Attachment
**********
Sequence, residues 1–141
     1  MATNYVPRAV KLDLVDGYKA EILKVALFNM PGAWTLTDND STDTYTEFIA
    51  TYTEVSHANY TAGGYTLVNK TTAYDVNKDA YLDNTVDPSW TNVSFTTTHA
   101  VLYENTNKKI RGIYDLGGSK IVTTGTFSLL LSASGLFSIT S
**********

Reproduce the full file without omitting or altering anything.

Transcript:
Sequence, residues 1–141
     1  MATNYVPRAV KLDLVDGYKA EILKVALFNM PGAWTLTDND STDTYTEFIA
    51  TYTEVSHANY TAGGYTLVNK TTAYDVNKDA YLDNTVDPSW TNVSFTTTHA
   101  VLYENTNKKI RGIYDLGGSK IVTTGTFSLL LSASGLFSIT S